Generic Data-types for User-interfaces

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I’m playing around making an application for model-based testing.  It’s a standard GUI application, so of course, I am relying on the model-view-controller design pattern for the overall structure.  I am, however, too lazy to set up a big-ol’ object model, so the basic structure of my model is just this:

public class Project extends NotificationObservable {
    private final ObservableList<Service> services = new ObservableList<>(new ArrayList<>());
    private final ObservableList<InputMapping> inputMappings = new ObservableList<>(new ArrayList<>());
    private final ObservableList<Model> models = new ObservableList<>(new ArrayList<>());
    private final ObservableList<Test> tests = new ObservableList<>(new ArrayList<>());
    private final ObservableList<Environment> environments = new ObservableList<>(new ArrayList<>());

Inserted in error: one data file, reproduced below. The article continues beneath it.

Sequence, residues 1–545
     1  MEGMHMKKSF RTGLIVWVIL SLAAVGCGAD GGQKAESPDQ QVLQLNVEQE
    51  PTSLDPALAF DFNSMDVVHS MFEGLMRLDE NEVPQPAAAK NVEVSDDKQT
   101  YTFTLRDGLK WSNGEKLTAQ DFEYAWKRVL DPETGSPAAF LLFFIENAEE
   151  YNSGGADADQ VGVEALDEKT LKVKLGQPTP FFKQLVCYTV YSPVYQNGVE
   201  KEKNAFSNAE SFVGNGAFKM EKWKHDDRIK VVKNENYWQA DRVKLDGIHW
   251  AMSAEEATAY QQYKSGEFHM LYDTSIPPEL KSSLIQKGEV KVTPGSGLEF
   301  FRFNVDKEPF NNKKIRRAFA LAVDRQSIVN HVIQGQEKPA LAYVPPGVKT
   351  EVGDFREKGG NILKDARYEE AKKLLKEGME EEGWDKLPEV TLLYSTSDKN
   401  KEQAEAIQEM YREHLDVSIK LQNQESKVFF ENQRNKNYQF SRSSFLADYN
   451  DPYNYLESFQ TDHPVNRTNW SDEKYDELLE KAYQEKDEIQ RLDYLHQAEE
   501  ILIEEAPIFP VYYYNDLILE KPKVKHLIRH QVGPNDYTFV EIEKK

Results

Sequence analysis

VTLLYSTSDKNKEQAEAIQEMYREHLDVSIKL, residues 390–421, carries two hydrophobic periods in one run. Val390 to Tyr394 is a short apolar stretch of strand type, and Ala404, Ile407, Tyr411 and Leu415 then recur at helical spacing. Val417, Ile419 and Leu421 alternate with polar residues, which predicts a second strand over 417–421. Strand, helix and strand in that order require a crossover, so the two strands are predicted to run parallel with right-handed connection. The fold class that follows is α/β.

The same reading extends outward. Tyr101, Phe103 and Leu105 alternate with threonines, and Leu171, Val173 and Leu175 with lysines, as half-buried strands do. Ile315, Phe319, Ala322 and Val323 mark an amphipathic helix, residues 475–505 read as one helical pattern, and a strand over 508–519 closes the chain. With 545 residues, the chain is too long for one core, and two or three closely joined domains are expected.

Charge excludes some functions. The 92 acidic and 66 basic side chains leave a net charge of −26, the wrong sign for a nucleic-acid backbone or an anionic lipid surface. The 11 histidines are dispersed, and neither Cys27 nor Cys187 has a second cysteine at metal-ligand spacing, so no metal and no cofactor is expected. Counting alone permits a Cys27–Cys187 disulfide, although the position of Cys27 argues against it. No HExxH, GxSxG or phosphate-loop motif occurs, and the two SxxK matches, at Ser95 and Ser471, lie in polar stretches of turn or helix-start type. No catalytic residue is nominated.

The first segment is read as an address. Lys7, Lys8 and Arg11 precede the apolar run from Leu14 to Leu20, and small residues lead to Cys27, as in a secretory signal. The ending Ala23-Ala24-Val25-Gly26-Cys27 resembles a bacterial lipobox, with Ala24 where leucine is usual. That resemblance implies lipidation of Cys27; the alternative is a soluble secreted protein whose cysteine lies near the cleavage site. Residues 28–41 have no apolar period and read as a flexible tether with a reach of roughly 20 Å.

At each level, most things are just lists of other things and a few properties thrown in here and there.

Normally, when using the MVC pattern, I just attach the view to the model and make my controller alter the view.  Java comes with a simple Observer structure, the class/interface-pair Observable and Observer.  Essentially, models extend the Observable class, and views extend the Observer interface.  Easy-peasy.

Unfortunately, the standard collection library of Java comes with no such thing.  JavaFX has an ObservableList and a utility class FXCollections.  JavaFX is a Swing replacement that comes bundled with Java 8, but not in the non-Oracle OpenJDK often used on Linux.

Googling around a bit reveals that there’s a similar function in some Eclipse library, some Groovy library, and Apache Commons Events.  The first has the disadvantage of pulling in a bunch of Eclipse dependencies, the second seems quite outdated (it doesn’t support generics, for example), and the last seems super-abandoned.